Which Is Better, a Rear Hub Motor or a Mid-drive Motor?

Which Is Better, a Rear Hub Motor or a Mid-drive Motor?

More and more people are turning to e-bikes as a fun and useful way to get around. Most modern e-bikes are powered by a rear hub motor or a motor in the middle of the bike. Both are suitable for all kinds of e-bikes and riders, and each has advantages and disadvantages. So, which one do you think will help you the most? Read on to find out!


What's the difference between a hub motor and a mid-drive e-bike?

If you Google this question, you'll find hundreds of bike reviewers telling you to avoid rear hub motors and opt for mid-drive motors instead. As much as I prefer the middle-driving position, I recognize it's not always the most practical choice. Like many others, the answer depends on individual needs, riding style, and personal preferences. Knowing the pros and cons of both motors is critical to making an informed decision and avoiding a frustrating and costly experience.


rear hub motor

As the name suggests, it is installed in the rear hub of the electric bike. That's what's at the heart of moving the bike forward. The rear hub motor measures the force that the chain puts on the cassette when you pedal.


If it detects enough force, it applies its force to the rear wheel, causing it to spin and the bike to move forward. Some hub motors, such as those on most e-bikes, measure power multiple times per pedal stroke to maximize responsiveness. Some e-bikes, especially those designed for urban use, have simpler, cheaper sensors that only take a few readings per ride.


mid-drive motor

Mid-drive motors, which place the motor closer to the center of the bike and use a chain drive to transfer the power to the rear wheel, have grown in popularity in recent years, causing the popularity of hubs to decline dramatically. This e-bike motor is unmatched in its class.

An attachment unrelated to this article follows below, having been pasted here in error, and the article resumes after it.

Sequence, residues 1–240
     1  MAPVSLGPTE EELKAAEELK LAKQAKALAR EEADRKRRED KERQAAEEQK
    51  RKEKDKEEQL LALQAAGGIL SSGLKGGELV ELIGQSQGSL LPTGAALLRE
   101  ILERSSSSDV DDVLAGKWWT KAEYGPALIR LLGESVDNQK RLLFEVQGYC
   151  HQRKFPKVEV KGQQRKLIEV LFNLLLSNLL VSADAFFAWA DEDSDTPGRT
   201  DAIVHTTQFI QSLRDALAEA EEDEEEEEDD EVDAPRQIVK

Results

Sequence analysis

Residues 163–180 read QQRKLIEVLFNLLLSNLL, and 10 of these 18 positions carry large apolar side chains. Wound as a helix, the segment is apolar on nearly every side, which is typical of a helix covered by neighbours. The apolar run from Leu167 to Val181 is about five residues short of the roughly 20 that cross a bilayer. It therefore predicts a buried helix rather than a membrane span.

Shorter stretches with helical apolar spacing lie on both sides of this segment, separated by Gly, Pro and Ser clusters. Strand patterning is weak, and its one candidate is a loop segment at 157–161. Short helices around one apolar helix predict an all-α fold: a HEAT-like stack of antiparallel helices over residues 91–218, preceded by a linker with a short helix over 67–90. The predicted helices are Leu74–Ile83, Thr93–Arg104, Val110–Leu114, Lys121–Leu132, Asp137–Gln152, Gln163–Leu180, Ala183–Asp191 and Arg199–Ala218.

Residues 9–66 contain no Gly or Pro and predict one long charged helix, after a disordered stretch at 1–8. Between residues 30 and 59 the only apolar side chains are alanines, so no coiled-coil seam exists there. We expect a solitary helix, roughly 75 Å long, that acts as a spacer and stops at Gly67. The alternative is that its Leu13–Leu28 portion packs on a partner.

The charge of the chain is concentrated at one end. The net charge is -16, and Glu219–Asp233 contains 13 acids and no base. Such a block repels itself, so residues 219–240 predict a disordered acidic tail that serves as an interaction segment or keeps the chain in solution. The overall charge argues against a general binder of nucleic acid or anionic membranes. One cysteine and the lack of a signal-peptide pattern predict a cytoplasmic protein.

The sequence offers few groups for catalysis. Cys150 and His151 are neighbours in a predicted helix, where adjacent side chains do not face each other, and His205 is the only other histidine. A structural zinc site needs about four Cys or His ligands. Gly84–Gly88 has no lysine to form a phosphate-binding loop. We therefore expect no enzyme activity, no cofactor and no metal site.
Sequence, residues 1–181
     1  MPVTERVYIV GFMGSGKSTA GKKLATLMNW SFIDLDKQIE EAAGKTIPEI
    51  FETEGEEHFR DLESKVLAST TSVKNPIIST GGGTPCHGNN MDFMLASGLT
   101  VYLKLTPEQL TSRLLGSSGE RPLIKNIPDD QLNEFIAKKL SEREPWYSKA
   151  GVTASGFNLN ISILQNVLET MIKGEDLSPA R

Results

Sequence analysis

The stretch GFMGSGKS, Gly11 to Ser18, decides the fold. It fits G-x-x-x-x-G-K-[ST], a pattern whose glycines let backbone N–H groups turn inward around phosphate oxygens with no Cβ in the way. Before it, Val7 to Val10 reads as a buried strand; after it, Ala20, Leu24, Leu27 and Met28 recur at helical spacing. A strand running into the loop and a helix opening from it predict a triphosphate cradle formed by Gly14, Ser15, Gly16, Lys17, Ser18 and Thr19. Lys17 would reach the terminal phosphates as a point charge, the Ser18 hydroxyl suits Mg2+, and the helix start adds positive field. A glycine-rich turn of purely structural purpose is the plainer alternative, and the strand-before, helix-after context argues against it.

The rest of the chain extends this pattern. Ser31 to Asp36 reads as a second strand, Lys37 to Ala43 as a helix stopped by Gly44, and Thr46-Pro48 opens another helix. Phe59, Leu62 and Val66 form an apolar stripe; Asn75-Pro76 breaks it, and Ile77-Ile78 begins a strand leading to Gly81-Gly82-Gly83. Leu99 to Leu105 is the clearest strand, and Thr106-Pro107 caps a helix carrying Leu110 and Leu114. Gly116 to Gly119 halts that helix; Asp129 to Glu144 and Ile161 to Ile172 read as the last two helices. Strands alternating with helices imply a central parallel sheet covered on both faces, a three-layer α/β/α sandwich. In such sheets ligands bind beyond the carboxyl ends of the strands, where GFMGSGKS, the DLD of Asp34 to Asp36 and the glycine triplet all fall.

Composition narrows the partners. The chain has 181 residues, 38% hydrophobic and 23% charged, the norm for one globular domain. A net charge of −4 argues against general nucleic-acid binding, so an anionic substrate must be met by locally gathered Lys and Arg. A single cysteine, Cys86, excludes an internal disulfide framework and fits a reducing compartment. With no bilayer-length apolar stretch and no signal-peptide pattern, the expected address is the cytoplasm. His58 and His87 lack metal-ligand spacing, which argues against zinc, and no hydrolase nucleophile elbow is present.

Advantages of rear hub motors

Rear hub motors require less maintenance

One of its best features is that its rear hub motor works so well that it requires little repair. Since the motor and its components are housed in a sealed housing that connects to the rear wheel, the unit is extremely robust and less prone to damage. They are also more reliable because they don't have any moving parts. If there is a problem with the center shaft, chain, or any other part of the drive system, there is no need to repair the motor.


There are two different types of rear hub motors: geared and gearless. While the gears on the first make it easier to control and adjust the speed, the second has no gears to allow the motor to reach its full potential. While gears make it easy to vary the amount of power assist and speed, a no-gear option is safer. Since there is nothing to break, there is not much maintenance to do. This makes following the rear hub motor not only easy but almost too easy. The system is completely impenetrable, so neither you nor the weather can get in.


Also, if you do crash the bike, the rear hub motor is easier to get back on. Since they are composed of separate components, the bottom bracket, chain, and shifters do not need to experience any additional stress.


The rear hub motor works alone

Another benefit of the rear hub motor is that, because the system is self-contained, you don't need to pedal at all to use the motor. This means that even if something terrible happens, like your chain or bottom bracket breaking, you can get home. It's no fun coming home from a friend's house at 1 a.m. to find your chain broken.


If the motor stops working, you can still get home by pedaling, although it will take more work.


The rear hub motor system has stricter standards for torque

This benefit is especially helpful for people living in cities where bike lanes are still rare. Merging into already-moving traffic is safer when the rear hub motor has higher torque. Rather than sitting next to their car, it's safer for everyone to get out of the way so the driver can see you coming and make the necessary changes.


Disadvantages of rear hub motors

The biggest problem is that the rear hub motor makes the bike heavier. Without a safe place to store your e-bike, such as your basement or garage, moving it is much more difficult. Weight is another thing to consider. This might not be an issue in the city, but in the wilderness, every gram counts. Another problem is uneven mass distribution. When the motor is at the rear, it is difficult to turn the e-bike because the center of gravity is off.